He was still excited about the trip: “I enjoyed the feeling that I controlled the travel and routes instead of following other people.”
Cao Longbo found it easy to rent a car when he arrived in the US. “Airports have a host of car rental companies for tourists to choose from,” said the 37-year-old software engineer, who traveled around the US by car in 2013. “Visitors can rent a car with a credit card, and it’s a good idea to rent GPS or download a map before the journey, even if it’s a littlemoreexpensive.”
Song Qianqian is also a road trip enthusiast. “I want to set my own pace and see scenery or cultures I’m interested in,” said the 31-year-oldwhostudied in theUS before returning to China to work for a financial company in Beijing.
During her study period, Song drove to several cities, suchasOrlando, Atlantaand Maryland. Her most memorable US driving experience was a 17-hour journey from Austin to Phoenix, crossing three states.
“Young For You, a song by Gala, played again and again on my car’s tape player, while trees, deserts and cactuses passed by. It was really fantastic,” she said.
“When I was tired at night, I stopped the car and climbed onto the roof. Lying on my back and looking at stars quickly
I enjoyed the feeling that I controlled the travel and routes instead of following other people.”
made me forgetmy driver’s fatigue.”
Song believes self-driving tours will become an increasingly important contributor to Sino-US tourism, especially among young people and those seeking adventure. She said visitors can enhance their experience by relying on wellplanned routes and good understanding of the strict US traffic rules: “If not, you may find yourself in trouble.”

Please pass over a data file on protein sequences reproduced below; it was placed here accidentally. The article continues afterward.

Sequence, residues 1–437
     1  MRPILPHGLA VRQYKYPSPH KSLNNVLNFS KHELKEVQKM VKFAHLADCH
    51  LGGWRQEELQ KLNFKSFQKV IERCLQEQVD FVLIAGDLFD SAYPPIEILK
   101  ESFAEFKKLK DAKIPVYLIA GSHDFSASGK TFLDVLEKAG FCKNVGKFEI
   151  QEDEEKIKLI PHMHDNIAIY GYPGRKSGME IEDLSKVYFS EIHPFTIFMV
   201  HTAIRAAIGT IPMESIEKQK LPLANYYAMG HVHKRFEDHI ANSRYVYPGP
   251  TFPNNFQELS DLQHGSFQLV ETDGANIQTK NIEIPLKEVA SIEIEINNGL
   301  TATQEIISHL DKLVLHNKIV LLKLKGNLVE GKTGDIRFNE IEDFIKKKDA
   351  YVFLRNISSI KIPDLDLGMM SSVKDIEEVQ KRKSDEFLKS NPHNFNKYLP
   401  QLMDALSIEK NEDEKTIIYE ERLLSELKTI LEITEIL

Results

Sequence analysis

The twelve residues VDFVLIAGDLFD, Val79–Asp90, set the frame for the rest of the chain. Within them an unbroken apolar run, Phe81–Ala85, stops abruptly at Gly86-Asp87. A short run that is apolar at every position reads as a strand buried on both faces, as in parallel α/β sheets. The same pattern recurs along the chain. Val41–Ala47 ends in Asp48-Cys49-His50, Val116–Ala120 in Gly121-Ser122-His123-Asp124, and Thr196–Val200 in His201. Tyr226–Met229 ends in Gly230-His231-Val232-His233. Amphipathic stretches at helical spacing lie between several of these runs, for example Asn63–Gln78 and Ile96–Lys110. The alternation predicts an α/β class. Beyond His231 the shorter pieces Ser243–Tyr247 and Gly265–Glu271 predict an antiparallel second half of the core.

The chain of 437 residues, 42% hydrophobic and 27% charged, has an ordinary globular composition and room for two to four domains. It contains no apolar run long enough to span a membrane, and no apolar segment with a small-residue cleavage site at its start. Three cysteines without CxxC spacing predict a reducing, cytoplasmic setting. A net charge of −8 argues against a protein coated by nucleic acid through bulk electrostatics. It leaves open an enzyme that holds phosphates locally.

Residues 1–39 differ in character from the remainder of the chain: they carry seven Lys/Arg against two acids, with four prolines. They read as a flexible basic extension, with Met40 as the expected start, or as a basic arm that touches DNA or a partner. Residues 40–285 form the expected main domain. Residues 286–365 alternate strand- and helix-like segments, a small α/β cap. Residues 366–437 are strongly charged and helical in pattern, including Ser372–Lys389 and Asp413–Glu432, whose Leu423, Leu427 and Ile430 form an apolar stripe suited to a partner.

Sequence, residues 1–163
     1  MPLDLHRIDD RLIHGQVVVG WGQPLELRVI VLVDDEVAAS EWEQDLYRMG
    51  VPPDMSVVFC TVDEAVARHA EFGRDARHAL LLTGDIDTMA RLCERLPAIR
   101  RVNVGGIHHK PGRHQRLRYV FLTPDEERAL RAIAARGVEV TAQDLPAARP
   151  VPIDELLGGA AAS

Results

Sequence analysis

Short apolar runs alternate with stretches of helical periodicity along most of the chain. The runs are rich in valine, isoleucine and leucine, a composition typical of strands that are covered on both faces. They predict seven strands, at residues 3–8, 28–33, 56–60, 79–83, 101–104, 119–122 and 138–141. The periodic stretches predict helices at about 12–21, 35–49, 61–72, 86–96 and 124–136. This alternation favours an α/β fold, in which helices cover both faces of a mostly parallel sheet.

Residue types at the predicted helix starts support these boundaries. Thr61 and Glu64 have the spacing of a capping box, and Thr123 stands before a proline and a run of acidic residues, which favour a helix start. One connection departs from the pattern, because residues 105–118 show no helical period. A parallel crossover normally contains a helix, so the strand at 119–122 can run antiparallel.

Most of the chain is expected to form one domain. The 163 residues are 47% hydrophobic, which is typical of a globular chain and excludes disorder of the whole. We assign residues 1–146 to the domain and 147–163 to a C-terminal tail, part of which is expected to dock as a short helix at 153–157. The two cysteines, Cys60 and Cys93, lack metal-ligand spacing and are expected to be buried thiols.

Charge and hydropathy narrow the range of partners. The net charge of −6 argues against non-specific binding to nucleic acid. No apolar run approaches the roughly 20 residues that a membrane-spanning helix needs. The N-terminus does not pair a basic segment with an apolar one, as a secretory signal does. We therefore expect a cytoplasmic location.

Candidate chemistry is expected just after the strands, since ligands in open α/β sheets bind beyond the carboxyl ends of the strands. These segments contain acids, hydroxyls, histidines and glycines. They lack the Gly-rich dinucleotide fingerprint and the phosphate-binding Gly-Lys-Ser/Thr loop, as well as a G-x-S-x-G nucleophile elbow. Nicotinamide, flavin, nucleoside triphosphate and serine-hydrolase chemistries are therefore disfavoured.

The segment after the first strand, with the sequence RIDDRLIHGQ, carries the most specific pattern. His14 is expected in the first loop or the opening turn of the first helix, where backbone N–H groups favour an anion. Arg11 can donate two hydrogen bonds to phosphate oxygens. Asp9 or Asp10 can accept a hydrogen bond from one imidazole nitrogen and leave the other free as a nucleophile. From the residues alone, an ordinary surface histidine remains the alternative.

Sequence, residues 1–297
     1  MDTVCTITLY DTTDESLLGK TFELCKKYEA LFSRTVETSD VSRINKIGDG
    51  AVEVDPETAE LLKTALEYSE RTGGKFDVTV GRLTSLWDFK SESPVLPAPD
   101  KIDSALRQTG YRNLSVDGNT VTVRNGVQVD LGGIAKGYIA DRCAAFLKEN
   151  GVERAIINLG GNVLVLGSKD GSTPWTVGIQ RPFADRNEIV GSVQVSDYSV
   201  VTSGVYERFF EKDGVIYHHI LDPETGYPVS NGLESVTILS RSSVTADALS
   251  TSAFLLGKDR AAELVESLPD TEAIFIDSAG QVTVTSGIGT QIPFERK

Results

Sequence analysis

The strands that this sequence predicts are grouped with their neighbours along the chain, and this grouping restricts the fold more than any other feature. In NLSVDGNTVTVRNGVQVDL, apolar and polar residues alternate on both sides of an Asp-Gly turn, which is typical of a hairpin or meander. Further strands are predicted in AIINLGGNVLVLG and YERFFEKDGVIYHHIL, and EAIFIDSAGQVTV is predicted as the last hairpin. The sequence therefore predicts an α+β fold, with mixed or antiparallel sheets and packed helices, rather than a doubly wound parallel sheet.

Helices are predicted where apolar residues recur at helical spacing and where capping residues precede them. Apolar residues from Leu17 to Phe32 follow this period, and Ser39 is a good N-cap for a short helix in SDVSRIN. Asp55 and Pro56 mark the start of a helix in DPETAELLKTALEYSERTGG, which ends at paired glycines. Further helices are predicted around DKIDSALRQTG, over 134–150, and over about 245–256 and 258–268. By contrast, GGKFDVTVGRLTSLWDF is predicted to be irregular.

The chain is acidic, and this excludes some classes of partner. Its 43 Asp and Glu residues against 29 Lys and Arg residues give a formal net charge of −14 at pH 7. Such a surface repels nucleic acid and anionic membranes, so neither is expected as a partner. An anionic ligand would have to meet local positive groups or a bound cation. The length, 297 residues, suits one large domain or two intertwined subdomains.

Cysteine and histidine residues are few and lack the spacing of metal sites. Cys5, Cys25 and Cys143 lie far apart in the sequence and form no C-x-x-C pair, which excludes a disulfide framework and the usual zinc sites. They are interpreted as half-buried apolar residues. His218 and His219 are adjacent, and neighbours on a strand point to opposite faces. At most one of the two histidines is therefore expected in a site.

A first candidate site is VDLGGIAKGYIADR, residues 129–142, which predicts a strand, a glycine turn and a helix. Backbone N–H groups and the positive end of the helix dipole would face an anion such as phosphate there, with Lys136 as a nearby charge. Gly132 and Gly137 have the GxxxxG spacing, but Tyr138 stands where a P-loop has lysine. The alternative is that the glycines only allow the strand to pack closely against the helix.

Beijing resident Wang Yifei has been on two self-driving trips in the US. She stressed the importance of understanding the rules of the road.
“Although traffic rules are much the same all over the world, minor differences are very important because they mainly relate to safety,” she said, adding that Chinese drivers must learn to be patient in traffic jams and should always adhere to the prescribed speed limits.
Wang was pulled over by the police for a traffic violation in Yosemite National Park. “I used a safety lane to overtake a car in front of me that I thought was moving too slowly. As I passed the slower vehicle, a police car sounded its alarm and I was pulled over. I had no idea about the traffic laws in the US and the police officer criticized me severely. Luckily, I wasn’t fined,” she said.
Differences in etiquette may also confuse Chinese drivers. Liu Jing was asked to pay $120 because he failed to wash and refuel his car before returning it to the rental agency.
“You can rent a car when you get off the plane, andsomeagencies evenprovide services in Chinese. But washing and refueling the car before returning it is a must— it’s an unbreakable rule,” he said. To avoid unnecessaryproblems, Liusuggestedtourists pay close attention to every requirement for car rental underUS traffic law.
He called for Chinese car rental agencies to offer information to customers about the laws and related regulations in different states.
“In China, drivers just slow down when they see a stop sign, but in the US the sign means ‘full stop’. If you disobey and fail to stop, you’ll face a heavy fine, at the very least,” he said. “Learn the rules and stay safe.”